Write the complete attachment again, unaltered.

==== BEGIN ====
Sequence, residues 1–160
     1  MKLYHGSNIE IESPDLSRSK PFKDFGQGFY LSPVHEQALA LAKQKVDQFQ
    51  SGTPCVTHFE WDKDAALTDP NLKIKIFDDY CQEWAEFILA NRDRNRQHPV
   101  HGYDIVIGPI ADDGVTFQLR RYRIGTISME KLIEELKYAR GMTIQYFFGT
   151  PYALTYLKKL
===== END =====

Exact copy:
Sequence, residues 1–160
     1  MKLYHGSNIE IESPDLSRSK PFKDFGQGFY LSPVHEQALA LAKQKVDQFQ
    51  SGTPCVTHFE WDKDAALTDP NLKIKIFDDY CQEWAEFILA NRDRNRQHPV
   101  HGYDIVIGPI ADDGVTFQLR RYRIGTISME KLIEELKYAR GMTIQYFFGT
   151  PYALTYLKKL